It may have been labelled the country’s smelliest village but it is much more than a bad stench from the local landfill making life miserable for the residents of Silverdale in Staffordshire, who have now started crowdfunding for potential legal action against the site.
For miles around Walleys Quarry landfill near Newcastle-under-Lyme, people have reported waking up in the middle of the night struggling to breathe, with itchy eyes and sore throats. Those with asthma have had their medication increased, and some have reported nosebleeds.
On the Facebook campaign group set up to “stop the stink” from the escaping hydrogen sulphide fumes, children pose for pictures next to air purifiers, many donated by local businesses to struggling families. On the worst days, teachers keep pupils indoors at lunchtime while parents are plagued with worry about the potential health effects.
“I just don’t think people can take it much longer,” said Gill Shears, a supply teacher living in nearby Westlands. “My daughter woke up at four o’clock in the morning with a nosebleed, and that’s scary. You worry what you’re putting your children through. Should I take her away? What’s going to happen to us in years to come, are we going to be ill?”
“It is a disgusting smell, but it’s far more than that. My asthma got a lot worse so I went on to regular inhalers and now I’m on an oral tablet as a direct result of the landfill fumes,” said Sian Rooney, who also lives in Westlands, more than a mile away. “I’m also extremely concerned about my three-year-old boy who’s developed a night-time cough. It’s terrifying.”
They joined hundreds of residents protesting outside the landfill on Monday, as operations resumed at the site after work to “cap off” areas as requested by the Environment Agency (EA) when emissions breached safe limits.
Residents say the capping has made no difference, with the smell last weekend worse than ever, and have now started looking into taking legal action.
“It’s an environmental catastrophe, and it’s becoming a public health disaster as well. I can’t understand why the EA hasn’t acted more quickly on it,” said the local Conservative MP Aaron Bell. He welcomed a letter from Matt Hancock last week urging the regulator to use the full range of its powers to deal with the “woefully inadequate” site management.
“It’s grinding people down, I think we all feel like we’re under siege because it’s completely casting a cloud over the town. It’s been horrific,” Bell said.
Dr Paul Scott, a GP at Silverdale and Ryecroft practice, said hundreds of patients have come to the surgery reporting issues, from physical symptoms to mental distress. “It’s the sheer numbers of people affected by it and we are probably only getting the tip of the iceberg coming to us,” said Scott, adding the surgery was tagging issues on their system as “environmental pollution” to track the scale of the problem.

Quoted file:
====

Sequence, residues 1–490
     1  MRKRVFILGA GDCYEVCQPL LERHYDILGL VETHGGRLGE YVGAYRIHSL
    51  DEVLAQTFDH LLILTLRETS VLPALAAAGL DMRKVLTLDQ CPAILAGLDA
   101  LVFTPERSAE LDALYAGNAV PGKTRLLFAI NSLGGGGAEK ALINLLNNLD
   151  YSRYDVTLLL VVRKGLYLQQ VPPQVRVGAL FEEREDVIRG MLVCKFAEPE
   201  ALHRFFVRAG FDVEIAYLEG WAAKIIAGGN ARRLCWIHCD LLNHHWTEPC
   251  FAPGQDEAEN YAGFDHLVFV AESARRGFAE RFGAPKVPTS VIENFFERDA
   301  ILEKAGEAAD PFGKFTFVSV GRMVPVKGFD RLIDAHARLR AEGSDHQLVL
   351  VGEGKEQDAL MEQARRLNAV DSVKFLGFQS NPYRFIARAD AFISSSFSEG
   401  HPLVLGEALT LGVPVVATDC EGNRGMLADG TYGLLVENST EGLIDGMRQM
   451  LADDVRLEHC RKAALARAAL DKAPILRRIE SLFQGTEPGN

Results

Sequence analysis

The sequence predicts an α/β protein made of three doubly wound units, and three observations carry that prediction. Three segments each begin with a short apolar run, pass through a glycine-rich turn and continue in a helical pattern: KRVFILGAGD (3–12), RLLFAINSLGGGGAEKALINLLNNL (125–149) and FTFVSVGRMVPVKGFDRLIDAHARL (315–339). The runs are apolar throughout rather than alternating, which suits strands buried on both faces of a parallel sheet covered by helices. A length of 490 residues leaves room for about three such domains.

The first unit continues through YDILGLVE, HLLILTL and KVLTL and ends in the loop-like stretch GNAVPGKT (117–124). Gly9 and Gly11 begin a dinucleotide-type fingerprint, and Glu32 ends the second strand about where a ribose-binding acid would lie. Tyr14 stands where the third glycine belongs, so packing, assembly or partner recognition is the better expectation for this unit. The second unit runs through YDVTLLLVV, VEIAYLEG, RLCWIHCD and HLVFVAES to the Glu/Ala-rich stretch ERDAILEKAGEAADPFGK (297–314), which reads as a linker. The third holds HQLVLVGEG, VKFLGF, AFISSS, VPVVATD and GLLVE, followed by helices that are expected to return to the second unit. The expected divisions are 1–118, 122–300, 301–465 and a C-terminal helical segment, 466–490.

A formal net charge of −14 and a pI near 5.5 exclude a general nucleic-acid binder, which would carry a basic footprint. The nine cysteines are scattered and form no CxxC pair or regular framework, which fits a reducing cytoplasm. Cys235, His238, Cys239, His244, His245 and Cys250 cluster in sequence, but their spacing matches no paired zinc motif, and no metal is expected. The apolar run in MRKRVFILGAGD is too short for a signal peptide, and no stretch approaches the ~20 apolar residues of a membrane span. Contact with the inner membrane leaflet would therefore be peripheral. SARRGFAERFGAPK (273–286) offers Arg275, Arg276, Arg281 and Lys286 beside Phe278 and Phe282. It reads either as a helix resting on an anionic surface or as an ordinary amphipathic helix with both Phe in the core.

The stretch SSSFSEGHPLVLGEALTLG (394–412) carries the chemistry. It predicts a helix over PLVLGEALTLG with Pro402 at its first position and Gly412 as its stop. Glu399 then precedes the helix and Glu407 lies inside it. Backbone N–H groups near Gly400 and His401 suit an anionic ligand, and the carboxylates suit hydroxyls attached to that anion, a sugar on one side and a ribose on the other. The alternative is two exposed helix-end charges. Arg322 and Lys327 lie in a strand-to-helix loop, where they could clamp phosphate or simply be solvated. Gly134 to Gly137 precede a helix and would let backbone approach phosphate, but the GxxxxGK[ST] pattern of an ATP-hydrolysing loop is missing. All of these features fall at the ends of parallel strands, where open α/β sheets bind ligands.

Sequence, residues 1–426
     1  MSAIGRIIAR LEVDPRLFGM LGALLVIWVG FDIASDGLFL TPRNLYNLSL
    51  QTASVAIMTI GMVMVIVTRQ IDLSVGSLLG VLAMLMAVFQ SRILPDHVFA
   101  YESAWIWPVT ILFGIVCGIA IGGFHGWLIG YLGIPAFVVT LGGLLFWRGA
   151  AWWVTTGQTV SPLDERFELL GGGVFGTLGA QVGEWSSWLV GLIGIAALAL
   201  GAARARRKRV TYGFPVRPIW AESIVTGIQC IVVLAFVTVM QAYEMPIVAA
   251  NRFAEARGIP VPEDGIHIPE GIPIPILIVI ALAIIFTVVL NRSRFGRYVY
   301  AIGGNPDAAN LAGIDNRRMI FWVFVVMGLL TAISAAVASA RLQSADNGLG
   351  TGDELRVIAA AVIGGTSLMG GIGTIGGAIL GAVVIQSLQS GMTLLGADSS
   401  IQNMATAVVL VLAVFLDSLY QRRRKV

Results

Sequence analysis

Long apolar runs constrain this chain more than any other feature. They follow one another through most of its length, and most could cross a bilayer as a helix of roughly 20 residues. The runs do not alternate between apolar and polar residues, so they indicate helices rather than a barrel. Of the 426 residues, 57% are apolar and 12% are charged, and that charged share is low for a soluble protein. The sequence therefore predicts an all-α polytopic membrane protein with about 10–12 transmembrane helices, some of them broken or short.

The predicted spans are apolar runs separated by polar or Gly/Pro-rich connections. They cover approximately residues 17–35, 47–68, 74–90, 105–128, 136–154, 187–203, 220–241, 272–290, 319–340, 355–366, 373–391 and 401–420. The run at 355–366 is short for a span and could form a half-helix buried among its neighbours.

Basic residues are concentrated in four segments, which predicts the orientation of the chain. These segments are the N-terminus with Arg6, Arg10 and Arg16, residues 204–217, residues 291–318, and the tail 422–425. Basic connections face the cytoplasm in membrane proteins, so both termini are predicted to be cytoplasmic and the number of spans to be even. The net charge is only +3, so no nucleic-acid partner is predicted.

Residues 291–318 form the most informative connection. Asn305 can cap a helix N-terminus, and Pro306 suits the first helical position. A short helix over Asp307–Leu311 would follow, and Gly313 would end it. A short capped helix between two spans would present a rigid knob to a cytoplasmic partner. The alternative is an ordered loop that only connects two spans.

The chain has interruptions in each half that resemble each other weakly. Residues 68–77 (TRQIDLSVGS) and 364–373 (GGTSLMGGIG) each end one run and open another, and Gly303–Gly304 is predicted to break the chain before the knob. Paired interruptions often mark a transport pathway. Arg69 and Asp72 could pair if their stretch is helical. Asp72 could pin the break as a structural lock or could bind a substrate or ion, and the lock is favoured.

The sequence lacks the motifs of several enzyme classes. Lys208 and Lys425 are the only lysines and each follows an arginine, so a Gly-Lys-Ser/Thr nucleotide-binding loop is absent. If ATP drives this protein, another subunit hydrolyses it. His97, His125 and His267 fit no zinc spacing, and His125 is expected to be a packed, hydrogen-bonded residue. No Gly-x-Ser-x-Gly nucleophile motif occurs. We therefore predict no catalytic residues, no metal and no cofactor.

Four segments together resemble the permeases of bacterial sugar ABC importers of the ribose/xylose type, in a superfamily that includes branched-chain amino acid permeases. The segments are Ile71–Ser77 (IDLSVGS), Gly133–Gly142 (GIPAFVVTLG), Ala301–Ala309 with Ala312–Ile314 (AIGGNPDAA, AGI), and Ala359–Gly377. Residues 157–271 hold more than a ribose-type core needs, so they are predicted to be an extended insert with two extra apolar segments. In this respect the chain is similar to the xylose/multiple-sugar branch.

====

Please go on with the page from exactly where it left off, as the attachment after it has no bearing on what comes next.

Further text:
“We’re connecting breathing trouble, particularly at night, with it. There’s also people getting bad hay fever-type symptoms: eyes streaming, nose irritated. And then there’s the stress if you live nearby and you’re getting the smell on and off for seven days a week. It’s relentlessly lowering the quality of people’s lives.”
The landfill has been operating since 2005, despite objections to the original application in 1997 from the local councils that were overruled by the then environment secretary, John Prescott. The smell has always been a nuisance in such a heavily populated area, but since February the problem has escalated.
Some of the hardest hit are residents of a Traveller site situated just metres away from the quarry, where people feel they are being ignored by authorities.
“I think we’re the closest to it, it’s definitely affected our health since we’ve lived here. I’ve had to move on to inhalers, I could hardly breathe,” said Dorothy Price, 76, who has lived at Cemetery Road caravan park for close to a decade.
A spokesperson for the EA said it had installed monitoring equipment at four locations in the area to collect emissions data and had increased inspections in recent months. It has identified five incidents of non-compliance since January and has “required the operator to take immediate action”. The spokesperson said: “We will continue to hold the site operators to account to improve its management of landfill gas from the site and do everything within our power to bring the site back into compliance with its permits as quickly as possible.”
Red Industries, which bought the landfill in 2016, said it voluntarily curtailed operations at the quarry to speed up capping work, which was now complete. “We recognise that we are hosted by the local communities in which we operate and are acutely aware of their concerns regarding our landfill operations,” a spokesperson said. “Capping, gas management and other engineering works will continue throughout the operational life, as well as in the restoration phase of the landfill, at which point the area will be returned to greenfield.”